Wednesday, November 05, 2008

The conservative "solution" is the problem:

Ross Douthat writes: (emp add)
Conservatism in the United States faces a series of extremely knotty problems at the moment. How do you restrain the welfare state at a time when the entitlements we have are broadly popular, and yet their design puts them on a glide path to insolvency? How do you respond to the socioeconomic trends - wage stagnation, social immobility, rising health care costs, family breakdown, and so forth - that are slowly undermining support for the Reaganite model of low-tax capitalism?
I'd broaden that to
undermining support for low-tax, free-market, globalized capitalism
Because that's led to so many of the problems Douthat identifies. Labor's economic power has been considerabily reduced over the last 30 years. It's not only wage stagnation but reduced health care coverage and the elimination of pensions.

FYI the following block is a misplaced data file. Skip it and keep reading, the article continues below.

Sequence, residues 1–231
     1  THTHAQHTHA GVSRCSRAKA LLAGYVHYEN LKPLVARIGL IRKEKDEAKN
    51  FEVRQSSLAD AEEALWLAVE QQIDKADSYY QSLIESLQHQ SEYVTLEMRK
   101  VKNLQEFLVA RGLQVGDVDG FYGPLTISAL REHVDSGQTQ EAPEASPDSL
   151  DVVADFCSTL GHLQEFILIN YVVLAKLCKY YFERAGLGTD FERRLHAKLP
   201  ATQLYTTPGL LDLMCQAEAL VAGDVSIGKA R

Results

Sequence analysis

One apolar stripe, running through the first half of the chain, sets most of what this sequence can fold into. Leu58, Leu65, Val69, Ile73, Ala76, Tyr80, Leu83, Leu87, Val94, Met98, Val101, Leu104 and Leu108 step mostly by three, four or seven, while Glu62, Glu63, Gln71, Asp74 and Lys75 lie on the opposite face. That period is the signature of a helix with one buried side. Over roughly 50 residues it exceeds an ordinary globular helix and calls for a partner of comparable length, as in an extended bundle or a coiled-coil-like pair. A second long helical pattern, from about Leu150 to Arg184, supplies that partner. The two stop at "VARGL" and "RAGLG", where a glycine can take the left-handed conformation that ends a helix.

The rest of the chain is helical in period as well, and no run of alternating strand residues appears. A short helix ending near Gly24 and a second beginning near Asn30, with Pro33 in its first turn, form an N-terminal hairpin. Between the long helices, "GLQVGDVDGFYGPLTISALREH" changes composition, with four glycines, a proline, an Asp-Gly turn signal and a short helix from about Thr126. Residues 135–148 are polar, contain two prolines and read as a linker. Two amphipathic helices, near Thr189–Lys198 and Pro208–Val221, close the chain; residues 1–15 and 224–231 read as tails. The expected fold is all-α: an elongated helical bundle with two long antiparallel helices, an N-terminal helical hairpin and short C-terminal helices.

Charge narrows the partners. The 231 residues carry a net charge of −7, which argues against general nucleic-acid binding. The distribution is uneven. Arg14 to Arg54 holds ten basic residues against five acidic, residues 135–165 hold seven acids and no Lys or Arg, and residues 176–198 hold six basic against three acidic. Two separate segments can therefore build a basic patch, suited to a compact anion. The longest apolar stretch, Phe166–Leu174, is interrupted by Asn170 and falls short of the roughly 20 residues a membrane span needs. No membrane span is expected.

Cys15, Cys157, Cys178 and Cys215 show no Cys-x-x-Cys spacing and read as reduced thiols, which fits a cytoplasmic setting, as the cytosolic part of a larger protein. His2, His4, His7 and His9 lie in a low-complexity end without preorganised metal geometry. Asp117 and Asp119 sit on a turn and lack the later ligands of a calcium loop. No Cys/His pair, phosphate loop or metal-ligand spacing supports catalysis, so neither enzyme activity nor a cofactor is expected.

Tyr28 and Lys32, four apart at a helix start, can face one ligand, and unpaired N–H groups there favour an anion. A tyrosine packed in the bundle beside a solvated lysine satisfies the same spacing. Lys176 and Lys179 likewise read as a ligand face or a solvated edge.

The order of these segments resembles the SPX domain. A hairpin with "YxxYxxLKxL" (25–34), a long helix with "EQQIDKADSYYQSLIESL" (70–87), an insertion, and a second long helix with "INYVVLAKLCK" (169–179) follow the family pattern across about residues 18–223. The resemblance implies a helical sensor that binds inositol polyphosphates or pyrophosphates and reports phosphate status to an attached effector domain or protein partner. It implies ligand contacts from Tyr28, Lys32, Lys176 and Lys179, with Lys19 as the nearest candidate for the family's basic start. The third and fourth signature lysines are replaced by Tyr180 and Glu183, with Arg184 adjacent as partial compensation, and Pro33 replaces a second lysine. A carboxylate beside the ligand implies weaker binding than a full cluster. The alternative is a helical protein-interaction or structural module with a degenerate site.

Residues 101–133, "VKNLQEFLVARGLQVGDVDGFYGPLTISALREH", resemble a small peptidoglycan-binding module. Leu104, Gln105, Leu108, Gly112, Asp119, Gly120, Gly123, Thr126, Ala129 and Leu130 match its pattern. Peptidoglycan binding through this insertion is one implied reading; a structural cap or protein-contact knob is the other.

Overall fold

A free-market gives the advantage to those with greater economic power and they will take it, eventually leading to the increased disparity in wealth - which is where we are now.

To a certain extent, the "welfare state" (along with regulation) is used to counter those trends. But Douthat wants to restrain the welfare state. So the problem he identifies cannot be solved within the framework of Douthat's conservatism.


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